GDPR – General Data Protection Regulation

You might be asking yourself what the General Data Protection Regulation (GDPR) has to do with you because you’ve probably never heard of it unless you own a business that does business in Europe or has website visitors from Europe. Although GDPR is specifically for European countries, the data that goes to those nations fall under the jurisdiction of the regulation even if you’re here in America. According to eugdpr.org, “Arguably the biggest change to the regulatory landscape of data privacy comes with the extended jurisdiction of the GDPR, as it applies to all companies processing the personal data of data subjects residing in the Union, regardless of the company’s location. Previously, territorial applicability of the directive was ambiguous and referred to data process ‘in context of an establishment.”

GDPR goes into effect May 25th, 2018 so there isn’t much time to prepare.

Data processing is defined by the law as “any operation or set of operations which is performed on personal data or on sets of personal data, whether or not by automated means, such as collection, recording, organization, structuring, storage, adaptation or alteration, retrieval, consultation, use, disclosure by transmission, dissemination or otherwise making available, alignment or combination, restriction, erasure or destruction.”

If this law wasn’t far-reaching enough already, eugdpr.org goes on to say “The GDPR will also apply to the processing of personal data of data subjects in the EU by a controller or processor not established in the EU, where the activities relate to: offering goods or services to EU citizens (irrespective of whether payment is required) and the monitoring of behaviour that takes place within the EU. Non-Eu businesses processing the data of EU citizens will also have to appoint a representative in the EU. ”

The jurisdiction of GDPR makes most of the developed world subject to a European Union law.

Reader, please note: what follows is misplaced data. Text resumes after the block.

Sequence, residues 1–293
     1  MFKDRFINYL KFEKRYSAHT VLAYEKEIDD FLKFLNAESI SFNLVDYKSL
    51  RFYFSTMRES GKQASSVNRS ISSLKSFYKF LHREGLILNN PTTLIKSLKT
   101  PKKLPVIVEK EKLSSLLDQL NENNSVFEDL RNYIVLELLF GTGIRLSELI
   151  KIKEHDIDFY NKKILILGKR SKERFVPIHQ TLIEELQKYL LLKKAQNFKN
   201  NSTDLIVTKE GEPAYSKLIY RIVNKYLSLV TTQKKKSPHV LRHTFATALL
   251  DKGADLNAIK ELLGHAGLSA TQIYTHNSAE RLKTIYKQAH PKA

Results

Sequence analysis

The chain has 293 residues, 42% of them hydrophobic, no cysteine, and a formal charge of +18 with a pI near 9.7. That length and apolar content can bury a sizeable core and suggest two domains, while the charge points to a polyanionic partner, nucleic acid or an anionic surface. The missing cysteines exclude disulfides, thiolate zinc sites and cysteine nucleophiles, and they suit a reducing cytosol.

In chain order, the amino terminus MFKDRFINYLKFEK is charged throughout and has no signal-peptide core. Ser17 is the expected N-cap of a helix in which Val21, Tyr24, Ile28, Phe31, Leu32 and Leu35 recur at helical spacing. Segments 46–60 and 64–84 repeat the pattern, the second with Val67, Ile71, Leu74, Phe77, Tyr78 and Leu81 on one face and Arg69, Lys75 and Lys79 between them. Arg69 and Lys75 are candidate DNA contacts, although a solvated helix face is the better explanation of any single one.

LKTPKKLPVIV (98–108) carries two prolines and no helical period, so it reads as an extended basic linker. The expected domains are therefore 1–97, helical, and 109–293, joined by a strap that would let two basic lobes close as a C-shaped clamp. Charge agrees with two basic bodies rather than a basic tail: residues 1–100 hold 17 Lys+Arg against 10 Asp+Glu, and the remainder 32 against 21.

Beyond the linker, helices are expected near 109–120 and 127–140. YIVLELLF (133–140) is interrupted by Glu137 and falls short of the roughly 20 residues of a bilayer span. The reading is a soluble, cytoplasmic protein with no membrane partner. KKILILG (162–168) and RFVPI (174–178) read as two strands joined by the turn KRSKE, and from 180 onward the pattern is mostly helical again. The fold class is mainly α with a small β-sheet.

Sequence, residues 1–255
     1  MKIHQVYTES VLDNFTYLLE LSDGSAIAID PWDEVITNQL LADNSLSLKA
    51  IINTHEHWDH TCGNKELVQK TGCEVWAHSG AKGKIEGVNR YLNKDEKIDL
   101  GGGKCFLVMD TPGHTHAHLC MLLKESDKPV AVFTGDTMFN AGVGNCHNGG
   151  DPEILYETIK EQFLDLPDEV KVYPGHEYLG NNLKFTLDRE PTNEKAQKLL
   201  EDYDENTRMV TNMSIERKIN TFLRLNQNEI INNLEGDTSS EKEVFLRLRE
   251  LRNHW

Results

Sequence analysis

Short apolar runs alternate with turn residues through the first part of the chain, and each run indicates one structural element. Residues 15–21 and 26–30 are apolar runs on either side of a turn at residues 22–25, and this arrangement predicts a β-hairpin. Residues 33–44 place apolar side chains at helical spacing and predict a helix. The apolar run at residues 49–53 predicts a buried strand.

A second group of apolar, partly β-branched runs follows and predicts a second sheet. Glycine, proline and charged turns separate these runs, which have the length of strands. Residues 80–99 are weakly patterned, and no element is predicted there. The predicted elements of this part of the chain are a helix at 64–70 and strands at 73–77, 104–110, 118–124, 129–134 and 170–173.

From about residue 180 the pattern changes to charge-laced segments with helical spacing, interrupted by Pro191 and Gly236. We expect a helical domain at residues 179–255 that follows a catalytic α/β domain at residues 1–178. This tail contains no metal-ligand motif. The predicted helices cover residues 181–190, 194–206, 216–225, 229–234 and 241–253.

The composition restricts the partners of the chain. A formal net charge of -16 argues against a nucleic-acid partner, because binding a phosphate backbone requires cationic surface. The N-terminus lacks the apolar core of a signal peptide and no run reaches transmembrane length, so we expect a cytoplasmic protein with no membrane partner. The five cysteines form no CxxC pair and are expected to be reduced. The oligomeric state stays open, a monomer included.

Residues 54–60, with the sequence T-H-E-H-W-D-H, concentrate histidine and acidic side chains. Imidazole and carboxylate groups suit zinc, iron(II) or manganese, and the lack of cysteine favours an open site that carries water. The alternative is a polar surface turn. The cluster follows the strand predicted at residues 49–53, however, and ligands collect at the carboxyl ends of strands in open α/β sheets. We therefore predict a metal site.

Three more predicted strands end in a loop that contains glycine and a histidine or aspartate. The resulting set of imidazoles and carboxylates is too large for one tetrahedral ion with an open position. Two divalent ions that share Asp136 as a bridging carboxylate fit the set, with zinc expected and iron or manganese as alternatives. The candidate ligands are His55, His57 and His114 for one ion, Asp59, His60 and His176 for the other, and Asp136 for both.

The penalties for breaking GDPR law are substantial. The $700,000 fine that Hilton Hotels & Resorts had for their data breach would have been $420,000,000 under GDPR because the fine is calculated off the companies annual global revenue and is capped at 4% or 20 million Euro’s, whichever is higher. Here’s some more information about fines from the law, “There is a tiered approach to fines e.g. a company can be fined 2% for not having their records in order (article 28), not notifying the supervising authority and data subject about a breach or not conducting impact assessment. It is important to note that these rules apply to both controllers and processors — meaning ‘clouds’ will not be exempt from GDPR enforcement.”

GDPR is broken into the following sections for a total of 99 articles:

  • General provisions (Article 1 – 4)
  • Principles (Article 5 – 11)
  • Right of the data subject (Articles 12 – 23)
  • Controller and processor (Article 24 – 43)
  • Transfers of personal data to third countries or international organizations (Article 44 – 50)
  • Independent supervisory authorities (Article 51 – 59)
  • Cooperation and consistency (Articles 60 – 76)
  • Remedies, liability, and penalties (Articles 77 – 84)
  • Provisions relating to specific processing situations (Articles 85 – 91)
  • Delegated acts and implementing acts (Articles 92 – 93)
  • Final Provisions (Articles 94 – 99)

If your businesses data flow or data storage fit the above description of the jurisdiction, you can download MailChimp’s condensed PDF of the law, or you can go to this website for an organized version of the law.

In conclusion, the key takeaways are that business owners must be aware of where their data is going, where it is stored, create the necessary documentation and notices, and implement the required controls.